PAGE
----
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Mick Wallace says vaccine rollout delay is 'huge concern' and could cost lives

The independent MEP said “the most glaring problem in the last three or four weeks has been the delay in the rollout”.

MEP Mick Wallace (file photo)
MEP Mick Wallace (file photo)
Image: Sam Boal/RollingNews.ie

MEP MICK WALLACE has said delays to the Covid-19 vaccine rollout plan in Ireland and other countries is a “huge concern” and could cost lives.

Supply issues and the Irish government’s decision that over-70s should not receive the AstraZeneca vaccine, and instead be given the Pfizer/BioNTech or Moderna vaccines, looks set to delay the initial deadline to vaccinate this age group here.

Concerns have also been raised in recent weeks about the number of vaccines AstraZeneca can produce for Europe.

When asked by TheJournal.ie today about these issues, Wallace said there “seem to be serious challenges around AstraZeneca, and I think it does represent a big problem given that they were promising to produce a huge quantity (of the vaccine) and countries right across Europe were banking on them”.

The independent MEP said “the most glaring problem in the last three or four weeks has been the delay in the rollout”.

“The delay in the rollout is a huge, huge concern for so many people across Europe. I was only talking to a woman this morning who is over 75 and was expecting to get the vaccine in late March and now she has been told that she’ll get it in late May.”

Wallace noted that more than 700,000 people with Covid-19 have died across Europe in the last year. He said if the vaccine rollout is delayed by two or three months, “an extra 100,000″ people may die.

“The least that people should be entitled at this stage is to know what’s happening” and when they will be vaccinated, he said.

The MEP for Ireland South was speaking at an online press conference with reporters this afternoon.

As of 5 February, 230,766 people in Ireland had received a Covid-19 vaccine – 151,212 first doses and 79,554 second doses.

‘Paying the price’ 

Wallace also hit out at the rolling lockdowns happening in countries such as Ireland, saying people are now “paying the price” for certain government decisions.

He said “selective” lockdowns resulted in the closure of smaller businesses while allowing some “non-essential” larger industries to remain open.

“We’ve kept big industry open. We’ve kept processing plants open, we’ve kept mines open. We have building sites closed now but they were open most of the time as well and there are 400 to 700 people on some of them,” he said.

“We’ve had a selective lockdown and we paid the price for it. We were caught between two stools of dealing with public health and trying to keep the big economy going, and we’re paying a huge price for it.”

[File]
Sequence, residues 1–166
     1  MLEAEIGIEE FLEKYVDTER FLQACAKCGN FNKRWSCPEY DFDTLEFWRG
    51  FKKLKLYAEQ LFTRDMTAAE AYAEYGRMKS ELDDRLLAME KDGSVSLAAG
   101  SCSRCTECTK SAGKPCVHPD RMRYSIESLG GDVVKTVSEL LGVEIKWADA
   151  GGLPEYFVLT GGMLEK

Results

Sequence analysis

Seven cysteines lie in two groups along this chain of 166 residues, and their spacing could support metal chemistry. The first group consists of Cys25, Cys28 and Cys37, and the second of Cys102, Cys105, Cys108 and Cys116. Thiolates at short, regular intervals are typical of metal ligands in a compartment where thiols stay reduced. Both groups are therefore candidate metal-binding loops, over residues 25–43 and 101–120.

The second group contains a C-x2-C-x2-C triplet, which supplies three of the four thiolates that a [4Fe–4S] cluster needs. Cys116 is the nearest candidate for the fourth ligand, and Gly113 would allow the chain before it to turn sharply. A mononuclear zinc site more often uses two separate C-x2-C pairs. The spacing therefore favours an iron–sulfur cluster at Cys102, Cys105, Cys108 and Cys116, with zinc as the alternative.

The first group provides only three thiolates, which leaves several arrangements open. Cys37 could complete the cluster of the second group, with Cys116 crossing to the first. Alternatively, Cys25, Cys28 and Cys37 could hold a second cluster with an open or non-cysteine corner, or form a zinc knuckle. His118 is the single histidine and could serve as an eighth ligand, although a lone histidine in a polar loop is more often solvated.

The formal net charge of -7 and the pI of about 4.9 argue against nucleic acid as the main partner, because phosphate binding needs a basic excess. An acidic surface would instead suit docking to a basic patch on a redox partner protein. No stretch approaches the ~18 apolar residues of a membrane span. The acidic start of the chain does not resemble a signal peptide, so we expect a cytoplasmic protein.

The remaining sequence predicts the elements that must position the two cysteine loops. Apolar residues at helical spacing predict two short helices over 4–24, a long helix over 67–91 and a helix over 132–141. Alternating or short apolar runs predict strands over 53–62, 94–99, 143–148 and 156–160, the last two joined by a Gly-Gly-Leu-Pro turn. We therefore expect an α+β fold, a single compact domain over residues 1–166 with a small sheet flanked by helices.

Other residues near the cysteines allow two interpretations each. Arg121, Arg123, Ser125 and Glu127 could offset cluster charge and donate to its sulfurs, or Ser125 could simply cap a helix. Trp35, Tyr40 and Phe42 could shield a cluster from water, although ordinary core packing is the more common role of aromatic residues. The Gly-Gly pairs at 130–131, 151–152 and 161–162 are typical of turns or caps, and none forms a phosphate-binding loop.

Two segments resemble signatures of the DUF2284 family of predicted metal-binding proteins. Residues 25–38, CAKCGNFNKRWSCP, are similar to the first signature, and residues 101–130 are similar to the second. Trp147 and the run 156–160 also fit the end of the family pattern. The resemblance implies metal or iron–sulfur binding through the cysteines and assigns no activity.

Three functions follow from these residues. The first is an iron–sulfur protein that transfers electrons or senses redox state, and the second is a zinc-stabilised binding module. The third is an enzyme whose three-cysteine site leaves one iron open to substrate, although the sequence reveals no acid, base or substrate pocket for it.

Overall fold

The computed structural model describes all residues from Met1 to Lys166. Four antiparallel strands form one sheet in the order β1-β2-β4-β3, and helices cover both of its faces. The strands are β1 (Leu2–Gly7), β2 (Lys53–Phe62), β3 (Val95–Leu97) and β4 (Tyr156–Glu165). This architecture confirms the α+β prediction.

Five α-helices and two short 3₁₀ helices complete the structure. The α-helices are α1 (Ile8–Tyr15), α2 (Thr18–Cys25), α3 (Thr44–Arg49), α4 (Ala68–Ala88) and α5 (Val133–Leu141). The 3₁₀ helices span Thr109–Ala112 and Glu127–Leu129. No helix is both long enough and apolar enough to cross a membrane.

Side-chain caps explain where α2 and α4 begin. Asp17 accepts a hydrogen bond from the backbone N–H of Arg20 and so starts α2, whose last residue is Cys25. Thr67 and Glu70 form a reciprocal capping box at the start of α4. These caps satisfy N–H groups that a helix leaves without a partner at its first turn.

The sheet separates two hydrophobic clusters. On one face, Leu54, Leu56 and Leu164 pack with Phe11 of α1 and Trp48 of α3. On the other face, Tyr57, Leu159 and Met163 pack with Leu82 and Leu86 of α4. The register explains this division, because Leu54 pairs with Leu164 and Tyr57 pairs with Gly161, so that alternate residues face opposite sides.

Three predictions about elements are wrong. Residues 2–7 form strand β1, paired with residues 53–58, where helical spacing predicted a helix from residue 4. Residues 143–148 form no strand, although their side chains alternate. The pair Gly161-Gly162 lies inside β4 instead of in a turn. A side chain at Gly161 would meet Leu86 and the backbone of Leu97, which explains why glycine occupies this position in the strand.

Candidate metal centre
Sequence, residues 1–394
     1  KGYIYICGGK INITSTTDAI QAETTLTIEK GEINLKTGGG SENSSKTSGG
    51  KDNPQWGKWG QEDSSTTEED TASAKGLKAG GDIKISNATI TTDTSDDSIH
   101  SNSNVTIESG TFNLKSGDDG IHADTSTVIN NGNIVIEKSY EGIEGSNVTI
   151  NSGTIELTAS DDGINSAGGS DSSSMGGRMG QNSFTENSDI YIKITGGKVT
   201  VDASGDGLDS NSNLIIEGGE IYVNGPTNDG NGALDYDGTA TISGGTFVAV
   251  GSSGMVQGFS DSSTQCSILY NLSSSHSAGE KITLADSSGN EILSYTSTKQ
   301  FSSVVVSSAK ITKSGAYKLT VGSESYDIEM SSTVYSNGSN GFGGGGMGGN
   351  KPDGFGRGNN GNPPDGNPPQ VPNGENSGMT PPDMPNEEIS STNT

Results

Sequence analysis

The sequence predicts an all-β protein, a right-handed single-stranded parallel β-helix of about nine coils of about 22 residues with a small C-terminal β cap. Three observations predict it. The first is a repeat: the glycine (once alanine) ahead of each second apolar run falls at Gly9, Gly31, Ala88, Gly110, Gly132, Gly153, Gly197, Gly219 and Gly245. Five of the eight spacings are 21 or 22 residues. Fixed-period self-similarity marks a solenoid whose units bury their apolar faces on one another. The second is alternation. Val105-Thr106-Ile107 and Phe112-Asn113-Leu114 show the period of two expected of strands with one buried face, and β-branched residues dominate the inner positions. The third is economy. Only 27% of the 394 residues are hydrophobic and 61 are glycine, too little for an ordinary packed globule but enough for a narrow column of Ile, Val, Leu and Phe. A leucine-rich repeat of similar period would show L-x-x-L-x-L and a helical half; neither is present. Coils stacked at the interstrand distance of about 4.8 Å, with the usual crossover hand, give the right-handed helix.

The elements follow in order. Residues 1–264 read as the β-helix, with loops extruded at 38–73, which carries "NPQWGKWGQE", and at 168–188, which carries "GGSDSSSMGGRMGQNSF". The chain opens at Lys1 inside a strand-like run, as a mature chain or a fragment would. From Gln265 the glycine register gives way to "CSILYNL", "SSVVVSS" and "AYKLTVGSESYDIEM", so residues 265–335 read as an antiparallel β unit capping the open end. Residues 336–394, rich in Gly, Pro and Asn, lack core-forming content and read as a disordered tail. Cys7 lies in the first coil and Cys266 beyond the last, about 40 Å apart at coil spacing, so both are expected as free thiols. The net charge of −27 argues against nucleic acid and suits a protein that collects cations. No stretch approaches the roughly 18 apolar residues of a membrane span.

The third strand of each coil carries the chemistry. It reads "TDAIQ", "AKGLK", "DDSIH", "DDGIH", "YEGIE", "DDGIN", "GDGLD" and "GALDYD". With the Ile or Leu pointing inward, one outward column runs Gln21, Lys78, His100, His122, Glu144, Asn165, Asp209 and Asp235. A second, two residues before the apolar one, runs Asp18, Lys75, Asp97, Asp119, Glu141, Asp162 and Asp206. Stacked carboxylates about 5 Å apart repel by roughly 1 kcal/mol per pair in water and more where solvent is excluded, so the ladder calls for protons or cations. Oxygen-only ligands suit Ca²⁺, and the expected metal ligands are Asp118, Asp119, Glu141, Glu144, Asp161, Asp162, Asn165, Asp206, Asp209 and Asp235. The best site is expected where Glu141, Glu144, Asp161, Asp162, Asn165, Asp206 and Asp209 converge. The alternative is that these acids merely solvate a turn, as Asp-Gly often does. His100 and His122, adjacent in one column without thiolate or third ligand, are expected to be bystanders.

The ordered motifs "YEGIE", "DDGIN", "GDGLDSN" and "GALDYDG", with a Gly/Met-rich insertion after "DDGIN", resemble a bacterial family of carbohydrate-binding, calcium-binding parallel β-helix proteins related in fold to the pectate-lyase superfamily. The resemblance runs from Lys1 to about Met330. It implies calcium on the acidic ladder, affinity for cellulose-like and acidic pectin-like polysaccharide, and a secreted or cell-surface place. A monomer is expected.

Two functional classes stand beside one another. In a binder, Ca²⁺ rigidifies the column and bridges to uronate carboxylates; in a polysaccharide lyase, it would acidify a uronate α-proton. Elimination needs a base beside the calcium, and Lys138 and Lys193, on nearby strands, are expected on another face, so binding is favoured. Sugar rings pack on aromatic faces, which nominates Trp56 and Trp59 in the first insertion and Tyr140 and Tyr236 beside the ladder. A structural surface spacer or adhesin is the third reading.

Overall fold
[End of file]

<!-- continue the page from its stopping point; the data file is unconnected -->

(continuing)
Several vaccines approved or being developed

Also speaking at the press conference, Fine Gael MEP Deirdre Clune said she is “confident” in AstraZeneca’s efficacy, noting that the European Medicine Agency has approved it for use in over-18s.

A number of European nations have not authorised that particular vaccine for use in over-65s over concerns about its efficacy in that age group.

In Ireland, it is expected that people aged 70 and over will have received their first dose of a Covid-19 vaccine by mid-April and second dose in May.

The original plan had been for all people in this age cohort to receive their first dose by the end of March.

The HSE yesterday said, despite some delays, no-one would be “left behind” by the vaccination programme.

Clune noted that Ireland has had to “change the approach in terms of using more of the Pfizer (vaccine) and that’s not as easy – you just have to go with it”.

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The mRNA vaccines made by Pfizer and Moderna have to be kept at much lower temperatures, making them more difficult to store and transport.

“I think in all these things you have to have confidence and go with what the experts do advise, and those involved in public healthcare,” Clune said. 

Clune, also an MEP for Ireland South, said the fact that three vaccines have been approved for use in the European Union, and others are being developed, is very good progress to have made within a year.

“Normally it can take up to 10 years for a vaccine to be brought to market or to be approved for use. So I think we’ve come a very long way and I have no doubt that in the coming months we’ll see more and more vaccines, the rollout of vaccines will improve,” she said.

Clune added that she does have some concerns about the efficacy of vaccines on new variants of the virus, such as the South African strain.

She noted that the European Commission has asked member states “to invest more and more in genome sequence tracing” in a bid to identify new strains quickly.

About the author:

Órla Ryan

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